The Chicago Bears will enter training camp this year with renewed hope. The club hasn’t made the playoffs since 2010 yet with a new regime now in place, including veteran head coach John Fox, the postseason may no longer be out of reach.
In the NFL, a team’s fortune often follows the performance of its quarterback, who is by far the most important player on the field. If your field general is incompetent, so then will be your offense and your ability to score points.
Let’s break it down.
Cutler is coming off what many perceived as one of the worst seasons of his career. He started 15 games in 2014, led the league in total turnvoers and guided the team to a 5-10 record.
Yet the widely held belief that Cutler sunk the Bears last year is a severe overstatement. He struggled immensely at times, yet he wasn’t the only one. The offensive line failed to provide consistent protection, the run game was an afterthought and the defense was historically bad.
Everyone contributed to the failure of 2014, not just Cutler. In fact, last season was one of his best in terms of statistics. He posted career highs in completion percentage (66.0) and touchdowns (28), while his 3,812 passing yards and 88.6 QB rating were the second best totals of his nine-year career.
Those stats are a bit misleading, as much of his production came in garbage time after the Bears had fallen behind by multiple touchdowns, but the fact remains that Cutler can still sling it.
He’s a flawed quarterback for sure, one whose production has never matched his potential, but he’s not the sole reason Chicago can’t win on a regular basis, no matter how much the national media tries to force feed that storyline.
With new offensive coordinator Adam Gase, Cutler will work under his fifth playbook in the past seven seasons. Installing a new playbook isn’t an ideal situation, as most offenses take at least a year to fully grasp a new system, but for Cutler, it’s all par for the course.
"You've got to try to forget the last one as quickly as possible and just wipe the slate clean. I've gotten better at that over the years,” Cutler said during mandatory minicamp. “I feel great about the offense we're in right now. I know the guys like it. I know the receivers like it. We just have to keep heading in the direction we are going and keep studying. We are not where we want to be yet."
Fox is a hands-off head coach, so it will be entirely up to Gase to develop both Cutler and Chicago’s offense. Gase, who had Peyton Manning under center his only two previous seasons as an offensive coordinator, must now create a system that can build on Cutler’s strengths.
Ideally, that includes a run-heavy attack with an abundance of play-action passes and rollouts, where Cutler can utilize his athleticism.
The key will be to take as much off his plate as possible through creative play calling and a balanced approach. Make no mistake, Cutler can have success in that type of system, it’s just a question of whether or not Gase has the wherewithal to execute on such a plan.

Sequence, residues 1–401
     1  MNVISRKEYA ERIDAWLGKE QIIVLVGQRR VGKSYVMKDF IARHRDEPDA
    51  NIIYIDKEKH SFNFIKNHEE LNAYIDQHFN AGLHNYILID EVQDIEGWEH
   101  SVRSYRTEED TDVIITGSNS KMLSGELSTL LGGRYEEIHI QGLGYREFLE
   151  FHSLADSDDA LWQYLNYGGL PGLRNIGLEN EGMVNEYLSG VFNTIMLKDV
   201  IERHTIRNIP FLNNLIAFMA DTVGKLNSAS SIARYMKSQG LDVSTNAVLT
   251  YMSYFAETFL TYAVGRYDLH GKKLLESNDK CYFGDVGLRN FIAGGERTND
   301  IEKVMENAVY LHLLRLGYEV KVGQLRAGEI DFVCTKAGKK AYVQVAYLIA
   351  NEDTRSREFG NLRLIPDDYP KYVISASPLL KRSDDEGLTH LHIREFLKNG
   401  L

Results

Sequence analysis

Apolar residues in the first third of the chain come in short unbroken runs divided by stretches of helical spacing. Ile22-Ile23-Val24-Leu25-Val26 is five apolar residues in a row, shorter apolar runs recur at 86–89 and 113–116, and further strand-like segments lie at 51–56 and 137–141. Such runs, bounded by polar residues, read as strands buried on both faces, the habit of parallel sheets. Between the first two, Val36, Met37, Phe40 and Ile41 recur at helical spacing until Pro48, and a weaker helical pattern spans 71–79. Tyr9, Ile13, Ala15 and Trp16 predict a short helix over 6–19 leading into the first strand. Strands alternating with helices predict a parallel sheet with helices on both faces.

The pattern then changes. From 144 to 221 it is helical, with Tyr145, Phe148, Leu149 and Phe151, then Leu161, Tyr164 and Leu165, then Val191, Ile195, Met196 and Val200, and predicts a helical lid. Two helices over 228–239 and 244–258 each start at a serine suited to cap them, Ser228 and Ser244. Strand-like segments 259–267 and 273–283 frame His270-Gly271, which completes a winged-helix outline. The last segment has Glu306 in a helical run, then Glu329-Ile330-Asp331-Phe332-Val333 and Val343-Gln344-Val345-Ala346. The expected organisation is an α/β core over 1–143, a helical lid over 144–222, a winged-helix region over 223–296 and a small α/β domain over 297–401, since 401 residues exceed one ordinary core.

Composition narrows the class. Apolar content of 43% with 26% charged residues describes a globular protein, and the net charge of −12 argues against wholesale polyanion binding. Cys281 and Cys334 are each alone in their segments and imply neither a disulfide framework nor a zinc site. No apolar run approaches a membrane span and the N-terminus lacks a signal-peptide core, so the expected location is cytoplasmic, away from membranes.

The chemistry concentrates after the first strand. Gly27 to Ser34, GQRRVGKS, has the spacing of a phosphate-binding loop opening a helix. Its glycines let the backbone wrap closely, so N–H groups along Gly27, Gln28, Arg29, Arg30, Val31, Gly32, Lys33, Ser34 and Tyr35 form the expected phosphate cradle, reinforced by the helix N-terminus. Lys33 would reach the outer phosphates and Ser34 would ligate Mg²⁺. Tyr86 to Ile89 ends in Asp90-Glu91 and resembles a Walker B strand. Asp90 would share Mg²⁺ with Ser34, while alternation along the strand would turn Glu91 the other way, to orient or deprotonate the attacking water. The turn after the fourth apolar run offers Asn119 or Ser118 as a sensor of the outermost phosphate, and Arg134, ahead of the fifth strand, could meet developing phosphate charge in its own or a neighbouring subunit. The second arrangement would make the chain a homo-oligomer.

Cutler is an imperfect signal caller who struggles to see the whole field and throws into coverage far too often. At 32 years old, no one is going to “fix” him. All you can do now is try to contain him. If Gase succeeds in that effort, the offense will post plenty of points this season.
In 2010, playing under John Fox his rookie season in Carolina, Jimmy Clausen threw three touchdown passes in 10 starts. He then rode the pine behind Cam Newton for three seasons before the Bears signed him during OTAs last off-season.
In his one start for the Bears – Week 16 against the Detroit Lions, a 14-20 loss at Soldier Field – Clausen passed for 181 yards, 2 TDs and 1 INT, good for a 77.0 QB rating. It was a decent performance against a tough defense, one that earned him another one-year deal in Chicago and reunited him with Fox.
Clausen does not have great size (6-2, 217) or arm strength but he’s a five-year NFL veteran that has grown immensely since his forgettable rookie season. He played with poise against the Lions, who at the time were still battling for the NFC North crown, and nearly pulled off the upset.
That said, Clausen is little more than an NFL backup. The offense won’t collapse under him but if he’s asked to start more than a game or two, the scoreboard will suffer.
At times this off-season, Clausen has looked very uncomfortable in Gase’s offense, which is concerning.
As a backup Clausen is good value but he’s hardly reliable, although the same could be said for every backup QB in the league.
The Bears used a sixth-round pick in last year’s draft on David Fales, who threw 66 touchdowns in two years as a starter for San Jose State. In 2012, his 72.5 completion percentage was the best in the country.
As you might have guessed, accuracy is Fales’ calling card.
Beyond that, he has many flaws, which include a lack of height (6-1) and arm strength. He struggles on sideline patterns and does not have enough zip to fit passes through tight windows.
Fales spent last season on the practice squad and will need a strong training camp and preseason if he plans on filling that role again in 2015.
In three years as a starter for East Carolina, Shane Carden posted passer ratings of 143.0, 150.0 and 140.8. That’s an impressive feat, no matter the conference.
Yet like Fales, Carden does not have NFL-level arm strength, particularly on deep balls, which was prevalent during off-season workouts.
Still, Carden has a bit more upside than Fales, which puts him on equal footing in the battle for a spot on the practice squad. If Carden shines in camp, he might be able wrestle that job away from Fales.
Jeremy Stoltz is Publisher of BearReport.com and a member of the Pro Football Writers of America. He is in his fifth season covering the Chicago Bears full time. Follow Bear Report on Twitter.